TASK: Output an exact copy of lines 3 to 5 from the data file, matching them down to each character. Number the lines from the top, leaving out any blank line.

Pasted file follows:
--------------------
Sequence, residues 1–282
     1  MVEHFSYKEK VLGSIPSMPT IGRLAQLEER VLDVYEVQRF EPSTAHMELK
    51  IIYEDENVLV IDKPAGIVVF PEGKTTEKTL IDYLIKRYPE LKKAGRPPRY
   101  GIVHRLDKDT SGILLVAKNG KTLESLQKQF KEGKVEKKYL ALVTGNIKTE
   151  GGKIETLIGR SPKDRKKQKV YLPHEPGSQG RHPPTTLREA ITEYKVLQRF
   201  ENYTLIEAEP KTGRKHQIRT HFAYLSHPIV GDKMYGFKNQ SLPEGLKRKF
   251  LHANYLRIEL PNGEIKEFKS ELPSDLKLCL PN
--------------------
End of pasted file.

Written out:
    51  IIYEDENVLV IDKPAGIVVF PEGKTTEKTL IDYLIKRYPE LKKAGRPPRY
   101  GIVHRLDKDT SGILLVAKNG KTLESLQKQF KEGKVEKKYL ALVTGNIKTE
   151  GGKIETLIGR SPKDRKKQKV YLPHEPGSQG RHPPTTLREA ITEYKVLQRF